Murray 1 Power Station Visitor's Centre is closed whilst they are doing upgrades of the turbines. This should go on for quite a while because there are 10 machines to do. Murray 2 Power Station was open for a while - not sure if it still is. If you are interested, call Snowy Hydro in Cooma (02) 6453 2888 an ask if any of the visitor centres are open. What is the best is if you can get inside a power station, not just the display shed outside. The best is Tumut 3, near Talbingo. The pipelines coming into the station are 5.5 m diameter. Standing beside them makes you feel very small indeed. The visitor's centre in Cooma is open nearly every day, and has some very good displays and information, along with films. They also have excellent coffee...

Cabramurra township has a cafe (for another few months at least) which serves basic cooked meals at a very reasonable price. This is also the mess for the personnel who live there. They also have a coffee shop cum visitors centre there with displays and information about the scheme. It makes a nice day out to do aa run up to Cabra and have lunch there. Snowy Hydro is looking to move all personnel out of the town, so I am not sure of the future of the mess facilities and also the coffee shop..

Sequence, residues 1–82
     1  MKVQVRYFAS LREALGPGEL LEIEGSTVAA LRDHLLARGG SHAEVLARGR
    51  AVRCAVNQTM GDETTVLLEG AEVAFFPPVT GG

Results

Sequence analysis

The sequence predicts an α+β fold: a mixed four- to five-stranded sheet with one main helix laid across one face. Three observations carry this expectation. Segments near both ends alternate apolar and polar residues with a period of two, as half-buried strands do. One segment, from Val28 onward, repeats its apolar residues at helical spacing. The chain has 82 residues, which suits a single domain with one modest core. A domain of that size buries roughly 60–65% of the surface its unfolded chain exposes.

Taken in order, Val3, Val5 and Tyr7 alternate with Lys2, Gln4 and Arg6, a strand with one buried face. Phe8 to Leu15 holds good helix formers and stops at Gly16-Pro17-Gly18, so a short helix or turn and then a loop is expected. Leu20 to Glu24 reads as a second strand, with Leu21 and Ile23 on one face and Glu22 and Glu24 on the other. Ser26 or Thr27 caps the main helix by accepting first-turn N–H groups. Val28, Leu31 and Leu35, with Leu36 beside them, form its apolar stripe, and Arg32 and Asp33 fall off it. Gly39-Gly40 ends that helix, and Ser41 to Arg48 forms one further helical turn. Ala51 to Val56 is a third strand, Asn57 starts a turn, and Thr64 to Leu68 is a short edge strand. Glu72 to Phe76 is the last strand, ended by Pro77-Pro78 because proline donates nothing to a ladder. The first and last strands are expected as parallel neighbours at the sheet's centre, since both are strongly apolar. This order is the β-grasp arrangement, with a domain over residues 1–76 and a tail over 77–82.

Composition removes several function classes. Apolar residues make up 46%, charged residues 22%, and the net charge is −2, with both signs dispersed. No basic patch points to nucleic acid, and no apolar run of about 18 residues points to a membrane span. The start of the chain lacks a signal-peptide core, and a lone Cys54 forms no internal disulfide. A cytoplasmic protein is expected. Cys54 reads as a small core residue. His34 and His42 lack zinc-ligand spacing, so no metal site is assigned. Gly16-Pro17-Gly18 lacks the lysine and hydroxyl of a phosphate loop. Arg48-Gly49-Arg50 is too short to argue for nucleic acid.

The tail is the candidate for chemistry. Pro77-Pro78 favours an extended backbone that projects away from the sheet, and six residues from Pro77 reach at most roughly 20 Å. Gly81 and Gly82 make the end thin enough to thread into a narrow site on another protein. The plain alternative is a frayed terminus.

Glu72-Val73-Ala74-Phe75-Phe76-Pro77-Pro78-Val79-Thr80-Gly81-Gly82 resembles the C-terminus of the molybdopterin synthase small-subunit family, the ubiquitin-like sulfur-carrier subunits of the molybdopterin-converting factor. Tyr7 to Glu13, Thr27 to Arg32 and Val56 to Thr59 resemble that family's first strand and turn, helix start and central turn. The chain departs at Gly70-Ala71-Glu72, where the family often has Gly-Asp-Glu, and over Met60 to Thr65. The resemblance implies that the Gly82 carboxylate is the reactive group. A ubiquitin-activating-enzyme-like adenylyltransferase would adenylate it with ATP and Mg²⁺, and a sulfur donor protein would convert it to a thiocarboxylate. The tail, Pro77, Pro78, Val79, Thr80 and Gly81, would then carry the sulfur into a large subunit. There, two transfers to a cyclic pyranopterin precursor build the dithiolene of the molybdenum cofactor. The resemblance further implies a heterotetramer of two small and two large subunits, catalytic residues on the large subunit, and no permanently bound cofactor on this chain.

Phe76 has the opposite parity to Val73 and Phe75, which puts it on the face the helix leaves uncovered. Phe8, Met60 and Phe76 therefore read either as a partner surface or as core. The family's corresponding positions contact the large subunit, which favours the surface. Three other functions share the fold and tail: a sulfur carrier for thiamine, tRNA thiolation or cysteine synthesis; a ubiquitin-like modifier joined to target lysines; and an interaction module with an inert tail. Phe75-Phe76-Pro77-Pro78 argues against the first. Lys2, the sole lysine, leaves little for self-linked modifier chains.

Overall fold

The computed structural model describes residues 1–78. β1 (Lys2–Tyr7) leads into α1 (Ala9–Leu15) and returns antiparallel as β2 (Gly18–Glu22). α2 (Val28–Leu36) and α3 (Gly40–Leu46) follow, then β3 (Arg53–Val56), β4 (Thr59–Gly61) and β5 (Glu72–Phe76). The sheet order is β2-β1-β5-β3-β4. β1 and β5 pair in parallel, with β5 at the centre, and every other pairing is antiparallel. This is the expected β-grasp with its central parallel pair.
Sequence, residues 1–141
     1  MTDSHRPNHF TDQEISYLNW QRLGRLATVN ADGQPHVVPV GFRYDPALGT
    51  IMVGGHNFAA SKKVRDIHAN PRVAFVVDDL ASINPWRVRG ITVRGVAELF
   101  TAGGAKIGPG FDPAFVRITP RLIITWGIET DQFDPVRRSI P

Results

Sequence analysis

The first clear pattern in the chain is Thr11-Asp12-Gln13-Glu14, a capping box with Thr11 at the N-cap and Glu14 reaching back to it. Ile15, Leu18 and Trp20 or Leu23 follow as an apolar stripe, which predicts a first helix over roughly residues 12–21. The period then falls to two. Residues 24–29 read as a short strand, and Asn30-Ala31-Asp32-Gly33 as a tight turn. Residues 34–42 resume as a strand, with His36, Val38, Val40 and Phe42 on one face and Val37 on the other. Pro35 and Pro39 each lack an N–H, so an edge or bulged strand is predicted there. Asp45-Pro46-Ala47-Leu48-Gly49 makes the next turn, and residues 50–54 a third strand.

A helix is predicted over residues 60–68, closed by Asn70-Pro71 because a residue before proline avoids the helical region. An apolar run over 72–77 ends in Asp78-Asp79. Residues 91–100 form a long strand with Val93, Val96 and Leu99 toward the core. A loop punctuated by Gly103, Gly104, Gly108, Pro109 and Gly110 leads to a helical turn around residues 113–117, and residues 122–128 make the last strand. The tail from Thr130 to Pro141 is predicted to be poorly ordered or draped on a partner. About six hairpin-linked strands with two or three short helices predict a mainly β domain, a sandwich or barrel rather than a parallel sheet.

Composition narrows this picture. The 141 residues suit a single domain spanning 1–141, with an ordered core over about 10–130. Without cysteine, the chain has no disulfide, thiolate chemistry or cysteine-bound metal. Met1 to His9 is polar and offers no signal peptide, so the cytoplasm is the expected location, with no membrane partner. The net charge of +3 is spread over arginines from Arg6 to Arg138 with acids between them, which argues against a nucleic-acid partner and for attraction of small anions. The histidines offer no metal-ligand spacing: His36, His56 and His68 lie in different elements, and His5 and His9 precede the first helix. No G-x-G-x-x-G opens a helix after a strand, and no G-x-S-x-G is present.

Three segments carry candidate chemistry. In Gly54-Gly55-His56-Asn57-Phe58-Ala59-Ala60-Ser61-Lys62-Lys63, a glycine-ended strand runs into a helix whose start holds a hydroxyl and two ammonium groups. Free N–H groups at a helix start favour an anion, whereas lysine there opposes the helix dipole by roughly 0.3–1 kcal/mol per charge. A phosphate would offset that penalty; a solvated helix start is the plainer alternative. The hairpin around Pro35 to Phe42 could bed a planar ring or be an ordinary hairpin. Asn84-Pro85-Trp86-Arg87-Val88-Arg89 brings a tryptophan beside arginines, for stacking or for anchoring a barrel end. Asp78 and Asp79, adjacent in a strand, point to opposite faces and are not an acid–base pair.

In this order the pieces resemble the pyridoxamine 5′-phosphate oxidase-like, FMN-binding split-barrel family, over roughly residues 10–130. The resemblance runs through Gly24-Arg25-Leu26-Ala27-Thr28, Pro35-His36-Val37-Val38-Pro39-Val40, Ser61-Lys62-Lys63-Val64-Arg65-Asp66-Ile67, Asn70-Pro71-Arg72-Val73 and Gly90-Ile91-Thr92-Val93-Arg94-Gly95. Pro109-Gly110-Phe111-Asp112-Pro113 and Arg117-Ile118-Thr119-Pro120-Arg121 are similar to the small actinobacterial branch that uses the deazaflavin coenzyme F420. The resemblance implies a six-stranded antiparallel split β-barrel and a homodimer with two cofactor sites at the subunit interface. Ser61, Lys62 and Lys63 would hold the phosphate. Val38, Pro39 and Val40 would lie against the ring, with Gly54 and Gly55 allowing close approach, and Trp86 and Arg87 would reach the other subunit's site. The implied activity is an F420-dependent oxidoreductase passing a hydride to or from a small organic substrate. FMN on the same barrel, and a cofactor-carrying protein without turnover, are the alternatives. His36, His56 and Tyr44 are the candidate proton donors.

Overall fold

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Old 01-02-17
Vix2010 Vix2010 is offline
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Originally Posted by erad View Post
Murray 1 Power Station Visitor's Centre is closed whilst they are doing upgrades of the turbines. This should go on for quite a while because there are 10 machines to do. Murray 2 Power Station was open for a while - not sure if it still is. If you are interested, call Snowy Hydro in Cooma (02) 6453 2888 an ask if any of the visitor centres are open. What is the best is if you can get inside a power station, not just the display shed outside. The best is Tumut 3, near Talbingo. The pipelines coming into the station are 5.5 m diameter. Standing beside them makes you feel very small indeed. The visitor's centre in Cooma is open nearly every day, and has some very good displays and information, along with films. They also have excellent coffee...

Cabramurra township has a cafe (for another few months at least) which serves basic cooked meals at a very reasonable price. This is also the mess for the personnel who live there. They also have a coffee shop cum visitors centre there with displays and information about the scheme. It makes a nice day out to do aa run up to Cabra and have lunch there. Snowy Hydro is looking to move all personnel out of the town, so I am not sure of the future of the mess facilities and also the coffee shop..
Thanks erad, sounds awsome. So keen to go and check it out, need to get a spare weekend and go. My two older kids would love looking at the pipelines